Courses: Golfers will find no fewer than 189 courses within an hour's drive of downtown Orlando, fitting just about anyone's taste and budget.
Enthusiasts played approximately 6 million rounds of golf in Central Florida in 2010, according to figures from the PGA of America's PerformanceTrak database. At an average price of $31 per round, that translates to $186 million in greens fees alone.
They can test themselves where the pros play at Bay Hill (Arnold Palmer Invitational) or Grand Cypress (LPGA Titleholders). Disney World, site of the Children's Miracle Network Classic, has five courses under its mouse ears.
High-end golfers can get pampered at the Ritz-Carlton Grande Lakes or Waldorf Astoria GC. For those trying to stretch their greens fees, 28 executive courses wind through The Villages.
Players: About 40 PGA Tour members call Greater Orlando home, plus another two dozen or so LPGA pros. "It seems someone's winning something every week, somewhere," said Golf Channel analyst Frank Nobilo.
Only Orlando could spawn the Tavistock Cup, where Lake Nona and Isleworth pros battle in a two-day friendly shown to a worldwide audience. Of the 95 players invited to this year's Masters, 11 have Lake Nona connections.
And nowhere else can claim the Great Triumvirate of one-name icons who call Orlando home -- Arnie, Tiger and Annika.
Arnold Palmer first saw Orlando's golf potential some 50 years ago, searching for a winter base where he could keep his game sharp. He became so smitten by Bay Hill that he eventually purchased the club in 1970.
Three decades later, Tiger Woods and Annika Sorenstam put Orlando front and center as they dominated the fairways right after the turn of the century. Woods (Isleworth) remains the only player to hold all four major titles at the same time; Sorenstam (Lake Nona) won 10 majors among her 72 LPGA victories.
Events: Orlando has been a twice-a-year destination on the PGA Tour for four decades now. Bay Hill's Arnold Palmer Invitational now holds the anchor position on the Florida Swing, two weeks before the Masters; the CMN Classic brings the season to an end at Disney.
Now add the LPGA's season finale, which ended the tour's brief absence from the state when it moved to Grand Cypress. "A lot of our players live here, we're here," Whan said. "So why not?"
And those are just the marquee events. Greater Orlando is a hotbed for developmental circuits. The NGA/Hooters Tour and LPGA Futures Tour open their seasons here; the Suncoast Ladies Series and Moonlight Golf Tour play almost exclusively in the area.
Instruction: David Leadbetter, a top-three mainstay on Golf Digest's biannual list of top swing instructors, has an affiliation with Central Florida that goes back to 1982.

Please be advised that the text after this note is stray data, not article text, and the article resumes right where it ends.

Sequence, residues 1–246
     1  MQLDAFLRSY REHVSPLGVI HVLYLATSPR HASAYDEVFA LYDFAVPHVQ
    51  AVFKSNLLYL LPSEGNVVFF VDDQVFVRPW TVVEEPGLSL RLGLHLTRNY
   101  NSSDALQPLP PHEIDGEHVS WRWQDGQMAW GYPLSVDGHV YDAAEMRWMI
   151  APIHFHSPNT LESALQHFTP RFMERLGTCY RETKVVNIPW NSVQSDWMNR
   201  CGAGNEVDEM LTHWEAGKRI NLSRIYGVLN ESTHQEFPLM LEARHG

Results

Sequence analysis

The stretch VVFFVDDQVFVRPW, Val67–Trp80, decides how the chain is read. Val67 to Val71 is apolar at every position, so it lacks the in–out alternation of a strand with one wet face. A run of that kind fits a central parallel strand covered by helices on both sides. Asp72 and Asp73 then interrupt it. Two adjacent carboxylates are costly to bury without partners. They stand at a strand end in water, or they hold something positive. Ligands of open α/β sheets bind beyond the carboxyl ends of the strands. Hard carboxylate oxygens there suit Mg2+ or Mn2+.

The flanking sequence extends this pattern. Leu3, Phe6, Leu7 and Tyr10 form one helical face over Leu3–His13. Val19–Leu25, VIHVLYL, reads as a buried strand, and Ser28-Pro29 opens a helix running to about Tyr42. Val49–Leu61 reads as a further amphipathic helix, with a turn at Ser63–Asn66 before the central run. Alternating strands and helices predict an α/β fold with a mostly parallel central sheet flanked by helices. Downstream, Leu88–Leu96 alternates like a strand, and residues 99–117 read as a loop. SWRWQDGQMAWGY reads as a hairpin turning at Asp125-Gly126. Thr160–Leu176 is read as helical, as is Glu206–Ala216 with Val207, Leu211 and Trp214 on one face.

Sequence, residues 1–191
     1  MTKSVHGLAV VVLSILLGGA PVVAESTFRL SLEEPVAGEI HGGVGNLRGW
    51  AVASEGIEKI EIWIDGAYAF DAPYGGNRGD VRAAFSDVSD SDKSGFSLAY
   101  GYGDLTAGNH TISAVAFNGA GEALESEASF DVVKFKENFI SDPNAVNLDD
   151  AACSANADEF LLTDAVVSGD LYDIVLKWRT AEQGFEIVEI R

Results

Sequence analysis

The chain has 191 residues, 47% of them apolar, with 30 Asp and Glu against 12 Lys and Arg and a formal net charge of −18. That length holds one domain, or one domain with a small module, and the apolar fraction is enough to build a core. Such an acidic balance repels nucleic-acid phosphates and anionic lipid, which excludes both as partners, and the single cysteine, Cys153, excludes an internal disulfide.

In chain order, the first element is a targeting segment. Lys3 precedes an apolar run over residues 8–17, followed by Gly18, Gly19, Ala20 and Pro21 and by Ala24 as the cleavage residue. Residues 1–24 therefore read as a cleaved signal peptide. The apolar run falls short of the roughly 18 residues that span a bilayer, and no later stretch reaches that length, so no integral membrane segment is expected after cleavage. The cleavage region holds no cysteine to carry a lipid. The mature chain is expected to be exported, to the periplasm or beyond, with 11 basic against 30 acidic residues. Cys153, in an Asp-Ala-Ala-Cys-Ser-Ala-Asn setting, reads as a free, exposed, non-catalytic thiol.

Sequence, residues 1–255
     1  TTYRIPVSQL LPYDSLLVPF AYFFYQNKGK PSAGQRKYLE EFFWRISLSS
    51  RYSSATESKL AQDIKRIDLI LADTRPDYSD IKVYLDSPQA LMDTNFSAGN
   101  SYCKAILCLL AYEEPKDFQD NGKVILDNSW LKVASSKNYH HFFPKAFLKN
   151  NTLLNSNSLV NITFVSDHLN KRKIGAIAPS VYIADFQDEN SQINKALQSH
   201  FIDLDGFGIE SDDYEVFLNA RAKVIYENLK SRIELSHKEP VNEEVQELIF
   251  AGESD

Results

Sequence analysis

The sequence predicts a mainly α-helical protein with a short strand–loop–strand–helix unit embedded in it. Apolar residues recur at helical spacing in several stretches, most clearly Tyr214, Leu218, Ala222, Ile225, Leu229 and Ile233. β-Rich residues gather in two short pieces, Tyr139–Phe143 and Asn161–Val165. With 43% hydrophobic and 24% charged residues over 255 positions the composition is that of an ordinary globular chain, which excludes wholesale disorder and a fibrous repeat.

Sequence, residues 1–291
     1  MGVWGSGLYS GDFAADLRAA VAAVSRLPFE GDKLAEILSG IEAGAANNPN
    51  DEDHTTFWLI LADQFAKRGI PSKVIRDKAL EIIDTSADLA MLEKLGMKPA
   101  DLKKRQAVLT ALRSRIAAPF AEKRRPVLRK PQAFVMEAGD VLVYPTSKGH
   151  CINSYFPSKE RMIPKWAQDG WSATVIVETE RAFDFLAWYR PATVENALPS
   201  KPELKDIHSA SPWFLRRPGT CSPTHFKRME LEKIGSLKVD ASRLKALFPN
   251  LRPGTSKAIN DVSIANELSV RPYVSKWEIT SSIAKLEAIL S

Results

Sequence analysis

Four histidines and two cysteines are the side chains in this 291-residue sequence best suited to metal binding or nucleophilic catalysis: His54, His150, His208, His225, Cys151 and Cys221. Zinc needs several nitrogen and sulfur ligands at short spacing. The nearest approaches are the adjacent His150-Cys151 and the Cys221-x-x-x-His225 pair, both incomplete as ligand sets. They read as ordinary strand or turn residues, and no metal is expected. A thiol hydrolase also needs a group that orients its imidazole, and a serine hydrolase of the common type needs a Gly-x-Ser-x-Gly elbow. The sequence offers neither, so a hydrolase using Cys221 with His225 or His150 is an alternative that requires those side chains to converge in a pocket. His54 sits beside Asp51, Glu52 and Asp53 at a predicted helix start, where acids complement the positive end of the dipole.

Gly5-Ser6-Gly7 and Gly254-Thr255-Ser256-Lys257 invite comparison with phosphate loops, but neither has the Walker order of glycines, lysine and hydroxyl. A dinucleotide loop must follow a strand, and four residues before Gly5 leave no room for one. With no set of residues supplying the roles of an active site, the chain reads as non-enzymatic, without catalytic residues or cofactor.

Future Hall of Famers Nick Faldo and Nick Price were sweating under Leadbetter's tutelage at Greenlefe Resort in Haines City long before they began winning majors. The England-born instructor later moved operations to Lake Nona before settling at ChampionsGate in 2000.
Mike Bender, based at Lake Mary's Timacuan Golf Club, is No. 9 on the magazine's list and works with former Masters champion Zach Johnson and two-time U.S. Open winner Lee Janzen. Yani Tseng, the LPGA's 2010 Player of the Year, sees Gary Gilchrist at Mission Inn.
The biggest spotlight, though, now falls on Sean Foley. Based at Orange County National, he already was rising fast in the ranks before Woods chose him to revamp a swing that left him with his first winless season as a pro.
Retail: Few locales rival Greater Orlando for shopping around for deals on clubs and other equipment. Beyond the various pro shops at area courses, more than a dozen independent golf outlets have set up shop.
Edwin Watts Golf has six outlets alone, including its National Clearance Center.
Orlando also is where new models frequently get their official rollout at the annual PGA Merchandise Show. Nearly 1,000 vendors, from established names to startup ventures, will be showcasing their wares this week at the Orange County Convention Center.
Open only to industry professionals, the gathering is projected to draw some 45,000 attendees -- an attendance that translates to $50 million in spending.
Media: When Golf Channel first fired up its signal in 1995, plenty of skeptics wondered how any channel could maintain 365-day programming focused on a single sport.
Today, the network is in 120 million homes and broadcasts live from more than 40 PGA Tour events, plus a healthy dose of the LPGA, Champions, Nationwide and European tours. Any significant news in the sport filters through its Sand Lake complex.
Palmer was one of Golf Channel's founders, teaming with cable entrepreneur Joseph Gibbs. Even he admits to some skepticism at the time.
"Do you know how much it would have been worth if I had taken all the stock I could have taken?" he mused while taping a recent segment. "A billion [dollars]."
Golfweek, which began as a regional publication, keeps its offices in Orlando. So does Global Golf Digest, a digital-only entry sent directly to subscribers' e-mails.
Read Jeff Shain's golf blog, The Downswing, at OrlandoSentinel.com/golfblog and e-mail him at firstname.lastname@example.org.
Orlando remains a hot spot for golfers
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